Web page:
From The Associated Press --
NEW ORLEANS - Conoco Phillips Co. and Sasol North America Inc. have agreed to pay nearly $6.4 million and spend about $10 million more to clean a polluted bayou and settle federal and state environmental claims, the U.S. Justice Department said Wednesday.
The pair of agreements will bring the companies' costs for polluting Bayou Verdine to more than $28 million - they spent $12 million in 2003 to clean up another section of the bayou south of Mossville.
The two parts of the agreement are both up for public comment, Conoco Phillips spokesman Bill Stephens said. "We look forward to finalizing the plan and putting it into action," he said.
Conoco Phillips has a refinery in Westlake, where Sasol has a plant that makes chemicals for soaps, detergents and personal care products.
A news release from the Justice Department and the Environmental Protection Agency said the companies are paying $4.5 million for the Superfund cleanup of part of Bayou Verdine and nearly $1.2 million for past damage to the Calcasieu Estuary. The companies also will restore part of the Sabine Wildife Refuge and pay $750,000 to have that work monitored, the statement said.
"It is important that polluters help pay for cleanup," said EPA Regional Administrator Al Armendariz. "Recovering more than $4.5 million is another milestone in our ongoing work to address historical pollution problems in this area of Louisiana."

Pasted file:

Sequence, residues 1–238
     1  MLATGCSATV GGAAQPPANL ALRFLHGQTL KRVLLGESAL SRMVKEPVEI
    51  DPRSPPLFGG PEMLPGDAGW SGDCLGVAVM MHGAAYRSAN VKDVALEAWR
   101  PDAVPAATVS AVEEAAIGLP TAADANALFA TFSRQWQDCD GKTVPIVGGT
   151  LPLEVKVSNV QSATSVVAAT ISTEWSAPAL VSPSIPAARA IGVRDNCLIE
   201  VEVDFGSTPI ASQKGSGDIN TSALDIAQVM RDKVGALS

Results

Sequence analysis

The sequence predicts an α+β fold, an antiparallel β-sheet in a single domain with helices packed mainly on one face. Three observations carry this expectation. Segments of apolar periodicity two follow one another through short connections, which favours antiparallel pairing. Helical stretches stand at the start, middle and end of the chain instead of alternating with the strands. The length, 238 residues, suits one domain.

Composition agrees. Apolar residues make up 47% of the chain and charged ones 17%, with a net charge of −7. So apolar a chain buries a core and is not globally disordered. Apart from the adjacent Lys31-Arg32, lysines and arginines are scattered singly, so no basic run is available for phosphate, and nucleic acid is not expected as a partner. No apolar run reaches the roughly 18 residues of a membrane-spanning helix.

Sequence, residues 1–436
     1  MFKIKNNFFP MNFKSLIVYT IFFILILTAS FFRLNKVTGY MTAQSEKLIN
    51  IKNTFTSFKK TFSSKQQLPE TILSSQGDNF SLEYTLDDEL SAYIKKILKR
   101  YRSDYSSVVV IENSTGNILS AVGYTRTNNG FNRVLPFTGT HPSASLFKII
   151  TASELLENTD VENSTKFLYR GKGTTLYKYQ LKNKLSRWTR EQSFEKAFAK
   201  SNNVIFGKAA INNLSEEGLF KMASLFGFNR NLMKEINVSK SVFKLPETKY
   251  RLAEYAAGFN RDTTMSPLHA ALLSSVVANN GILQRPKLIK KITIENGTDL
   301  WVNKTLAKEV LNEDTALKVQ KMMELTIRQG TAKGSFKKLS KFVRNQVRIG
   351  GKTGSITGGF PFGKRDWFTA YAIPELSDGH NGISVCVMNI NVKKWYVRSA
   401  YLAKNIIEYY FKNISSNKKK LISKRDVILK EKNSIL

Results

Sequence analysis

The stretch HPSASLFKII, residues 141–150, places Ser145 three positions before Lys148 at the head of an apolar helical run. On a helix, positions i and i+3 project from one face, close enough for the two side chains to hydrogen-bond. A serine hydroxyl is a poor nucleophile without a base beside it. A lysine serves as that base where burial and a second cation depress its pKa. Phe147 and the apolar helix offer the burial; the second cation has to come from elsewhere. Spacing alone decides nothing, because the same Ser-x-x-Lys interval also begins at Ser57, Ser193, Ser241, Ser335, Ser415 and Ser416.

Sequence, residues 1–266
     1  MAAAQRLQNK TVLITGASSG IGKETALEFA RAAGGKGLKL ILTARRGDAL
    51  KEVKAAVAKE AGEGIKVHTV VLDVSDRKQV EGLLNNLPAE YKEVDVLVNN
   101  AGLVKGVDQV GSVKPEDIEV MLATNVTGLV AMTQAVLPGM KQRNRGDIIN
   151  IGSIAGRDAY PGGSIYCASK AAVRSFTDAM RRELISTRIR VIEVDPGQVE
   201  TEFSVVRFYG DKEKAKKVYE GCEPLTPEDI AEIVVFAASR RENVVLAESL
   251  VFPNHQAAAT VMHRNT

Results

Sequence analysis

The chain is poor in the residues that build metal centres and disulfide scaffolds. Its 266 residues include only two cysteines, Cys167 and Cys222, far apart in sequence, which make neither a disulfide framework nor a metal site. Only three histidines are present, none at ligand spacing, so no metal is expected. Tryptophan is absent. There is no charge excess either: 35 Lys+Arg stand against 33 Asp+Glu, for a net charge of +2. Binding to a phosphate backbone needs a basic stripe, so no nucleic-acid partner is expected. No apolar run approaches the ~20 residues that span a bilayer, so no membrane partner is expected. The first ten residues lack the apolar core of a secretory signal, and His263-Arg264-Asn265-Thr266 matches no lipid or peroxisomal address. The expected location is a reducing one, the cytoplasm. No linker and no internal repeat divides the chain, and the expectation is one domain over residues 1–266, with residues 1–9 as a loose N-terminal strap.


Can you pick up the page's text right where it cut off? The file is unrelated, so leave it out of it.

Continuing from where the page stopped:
The agreements will settle federal and state pollution claims against the companies, the news release said.
Bayou Verdine is a winding 4.2-mile waterway between Westlake and Lake Charles. The area cleaned in 2003 was heavily contaminated with ethylene dichloride, a toxic chemical used to make vinyl chloride. It is north of the area to be cleaned up under Wednesday's agreement, EPA regional spokesman Dave Bary said.
The restoration agreement calls for removing 2,500 feet of levees at each end of a former dredge disposal site in the Sabine National Wildlife Refuge and using the dirt to build 14.7 acres of new marshland. It would also cut five gaps where water once flowed to let tides to rise and fall in the area, bringing new sediment.
(From Bill White: Sasol owns what was once Conoco's chemical unit, although there were several other owners between when Conoco had it and when Sasol acquired it a few years ago. Sasol is owned by a South African company.)